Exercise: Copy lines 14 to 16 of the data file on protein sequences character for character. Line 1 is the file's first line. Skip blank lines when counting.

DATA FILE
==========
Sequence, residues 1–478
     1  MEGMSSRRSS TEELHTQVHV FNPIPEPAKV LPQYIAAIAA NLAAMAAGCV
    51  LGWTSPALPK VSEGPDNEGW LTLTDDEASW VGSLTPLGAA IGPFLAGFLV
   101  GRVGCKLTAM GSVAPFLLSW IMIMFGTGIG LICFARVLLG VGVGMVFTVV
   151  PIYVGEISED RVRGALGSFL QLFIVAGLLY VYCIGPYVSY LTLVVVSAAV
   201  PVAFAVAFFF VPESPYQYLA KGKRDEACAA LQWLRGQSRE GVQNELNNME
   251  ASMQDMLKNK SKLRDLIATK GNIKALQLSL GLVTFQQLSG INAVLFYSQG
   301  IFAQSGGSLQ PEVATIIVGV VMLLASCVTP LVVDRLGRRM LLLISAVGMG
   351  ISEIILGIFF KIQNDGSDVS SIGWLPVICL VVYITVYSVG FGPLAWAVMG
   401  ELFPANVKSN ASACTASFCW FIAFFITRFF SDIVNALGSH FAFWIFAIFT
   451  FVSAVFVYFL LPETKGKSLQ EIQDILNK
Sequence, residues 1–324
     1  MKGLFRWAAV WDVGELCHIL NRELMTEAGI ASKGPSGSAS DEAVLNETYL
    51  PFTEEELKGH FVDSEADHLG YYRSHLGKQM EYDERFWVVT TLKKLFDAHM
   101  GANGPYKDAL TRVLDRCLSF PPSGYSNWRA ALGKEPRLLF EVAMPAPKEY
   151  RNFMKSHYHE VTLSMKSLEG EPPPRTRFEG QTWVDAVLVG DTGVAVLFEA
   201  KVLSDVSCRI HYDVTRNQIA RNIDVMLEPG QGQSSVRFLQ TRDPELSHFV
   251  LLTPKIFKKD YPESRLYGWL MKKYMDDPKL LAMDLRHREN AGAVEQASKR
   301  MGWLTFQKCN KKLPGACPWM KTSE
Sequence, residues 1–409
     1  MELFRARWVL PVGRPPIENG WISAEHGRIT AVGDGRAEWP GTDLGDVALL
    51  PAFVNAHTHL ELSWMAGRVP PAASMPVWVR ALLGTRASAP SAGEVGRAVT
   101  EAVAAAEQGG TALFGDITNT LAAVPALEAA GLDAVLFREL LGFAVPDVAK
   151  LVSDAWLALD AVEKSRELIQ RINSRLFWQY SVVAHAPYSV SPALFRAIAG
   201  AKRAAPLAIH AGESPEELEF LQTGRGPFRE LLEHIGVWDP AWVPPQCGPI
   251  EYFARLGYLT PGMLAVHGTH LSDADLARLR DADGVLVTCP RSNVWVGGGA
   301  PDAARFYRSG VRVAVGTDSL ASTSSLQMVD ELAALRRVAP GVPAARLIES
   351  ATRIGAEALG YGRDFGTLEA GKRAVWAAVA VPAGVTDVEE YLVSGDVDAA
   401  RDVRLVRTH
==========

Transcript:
    51  PFTEEELKGH FVDSEADHLG YYRSHLGKQM EYDERFWVVT TLKKLFDAHM
   101  GANGPYKDAL TRVLDRCLSF PPSGYSNWRA ALGKEPRLLF EVAMPAPKEY
   151  RNFMKSHYHE VTLSMKSLEG EPPPRTRFEG QTWVDAVLVG DTGVAVLFEA